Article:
Pile on the apps problem the fact that the OS still lags severely behind the new releases of iOS and Android in functionality, the restricted and outdated hardware, which has the same price as the up to date offerings of Android and iPhone, and the design choices of the OS that limit the creativity of the developer and the amount of functionality that they can put on their apps.
        The WP7 its a really bad choice of smartphone, you don't get the power of Android nor the glamour of iPhone and on top of that you have to pay more to utilize a system that offers you less.

    • rol

      Pretty apps? You mean the icons? Yea, the icons on the AppStore are prettier than Android Market, but the apps works the same.

      Games on both platform looks the same. It's just Android doesn't have as many as iOS. But since Android is already ahead of iOS in number of users, big name developers will surely be tempted to create or port apps to the Android Market. It's just a matter of time.

  • Chris

    I think Gordon, is more on the money. Google has more 'Out of the box FREE features and APPs' than IOS has. IOS users are forced to download more apps to obtain the same basic functionality. Paying more has always been the Apple Model of course...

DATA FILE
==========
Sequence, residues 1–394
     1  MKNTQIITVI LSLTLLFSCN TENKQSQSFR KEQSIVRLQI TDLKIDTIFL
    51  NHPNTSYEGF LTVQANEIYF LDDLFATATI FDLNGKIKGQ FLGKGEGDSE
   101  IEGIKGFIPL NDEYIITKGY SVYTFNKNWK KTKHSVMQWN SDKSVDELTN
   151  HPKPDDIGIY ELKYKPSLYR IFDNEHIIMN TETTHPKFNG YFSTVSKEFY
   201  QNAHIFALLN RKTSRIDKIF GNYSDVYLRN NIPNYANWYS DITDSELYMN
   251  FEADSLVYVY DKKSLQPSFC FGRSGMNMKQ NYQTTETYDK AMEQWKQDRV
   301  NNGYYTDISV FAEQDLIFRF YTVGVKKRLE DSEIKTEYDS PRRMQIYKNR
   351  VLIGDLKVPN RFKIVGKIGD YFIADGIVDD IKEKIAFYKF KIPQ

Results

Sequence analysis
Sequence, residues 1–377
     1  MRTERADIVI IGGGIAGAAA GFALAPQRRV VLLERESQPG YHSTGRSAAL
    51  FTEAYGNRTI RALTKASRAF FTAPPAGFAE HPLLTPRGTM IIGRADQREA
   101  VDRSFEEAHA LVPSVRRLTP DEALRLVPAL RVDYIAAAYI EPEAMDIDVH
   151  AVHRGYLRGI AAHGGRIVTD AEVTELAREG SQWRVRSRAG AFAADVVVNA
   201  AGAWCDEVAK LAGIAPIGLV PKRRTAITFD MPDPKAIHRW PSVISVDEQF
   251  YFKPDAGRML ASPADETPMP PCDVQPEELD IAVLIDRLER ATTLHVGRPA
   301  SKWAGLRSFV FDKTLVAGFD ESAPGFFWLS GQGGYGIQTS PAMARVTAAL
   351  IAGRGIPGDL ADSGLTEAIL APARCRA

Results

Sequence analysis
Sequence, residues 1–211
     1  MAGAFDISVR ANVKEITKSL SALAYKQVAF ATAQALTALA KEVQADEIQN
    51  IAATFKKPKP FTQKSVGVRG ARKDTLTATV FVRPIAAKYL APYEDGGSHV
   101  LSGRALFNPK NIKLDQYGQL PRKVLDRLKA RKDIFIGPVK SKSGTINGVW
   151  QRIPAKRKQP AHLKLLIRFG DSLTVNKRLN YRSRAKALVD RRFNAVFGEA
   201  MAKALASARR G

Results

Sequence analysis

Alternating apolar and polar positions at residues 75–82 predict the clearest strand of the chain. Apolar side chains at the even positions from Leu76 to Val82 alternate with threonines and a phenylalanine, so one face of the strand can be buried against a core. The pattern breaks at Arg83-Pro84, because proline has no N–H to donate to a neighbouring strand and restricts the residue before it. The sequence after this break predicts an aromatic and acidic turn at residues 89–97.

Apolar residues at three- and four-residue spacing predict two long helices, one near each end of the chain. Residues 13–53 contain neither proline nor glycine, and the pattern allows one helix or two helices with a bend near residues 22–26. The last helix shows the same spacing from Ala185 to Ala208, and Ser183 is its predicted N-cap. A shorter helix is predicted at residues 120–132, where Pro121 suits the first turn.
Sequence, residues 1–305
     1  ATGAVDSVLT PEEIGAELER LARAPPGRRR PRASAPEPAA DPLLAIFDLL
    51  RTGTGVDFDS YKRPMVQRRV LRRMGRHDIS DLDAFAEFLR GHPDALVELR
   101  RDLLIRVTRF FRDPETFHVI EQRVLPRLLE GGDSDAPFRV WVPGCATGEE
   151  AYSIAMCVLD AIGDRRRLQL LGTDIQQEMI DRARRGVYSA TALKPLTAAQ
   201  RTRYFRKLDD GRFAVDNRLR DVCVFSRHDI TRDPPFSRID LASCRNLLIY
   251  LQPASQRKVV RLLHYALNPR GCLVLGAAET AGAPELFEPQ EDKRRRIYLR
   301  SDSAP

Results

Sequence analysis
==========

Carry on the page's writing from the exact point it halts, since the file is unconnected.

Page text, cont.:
• Superdroid

      full ack. This was my first though ...

  • Superdroid

    Without apps such iPhones are a expensive pieces of crap. Hold it and you gain low reception.
    For everything you need to download an app. I started with an Galaxy S last year, now I own a Galaxy S2 and from my company I got these piece of crap, often called iPhone 4. I hate it, it is unuseable compared to a Galaxy S2 out of the box.
    Now I can say for me for sure, it is only a hype.
    iphone > /dev/null

  • http://schpydurx.livejournal.com ProfessorTom

    I think that Business Insider did a horrible job of reporting. All they did was run a press release full of percentages.

    If Android has more apps downloaded for it, then there should be no problem listing the number of app downloads for Android and showing that number is larger for Android. I don't see those numbers presented either here or on Business Insider's website.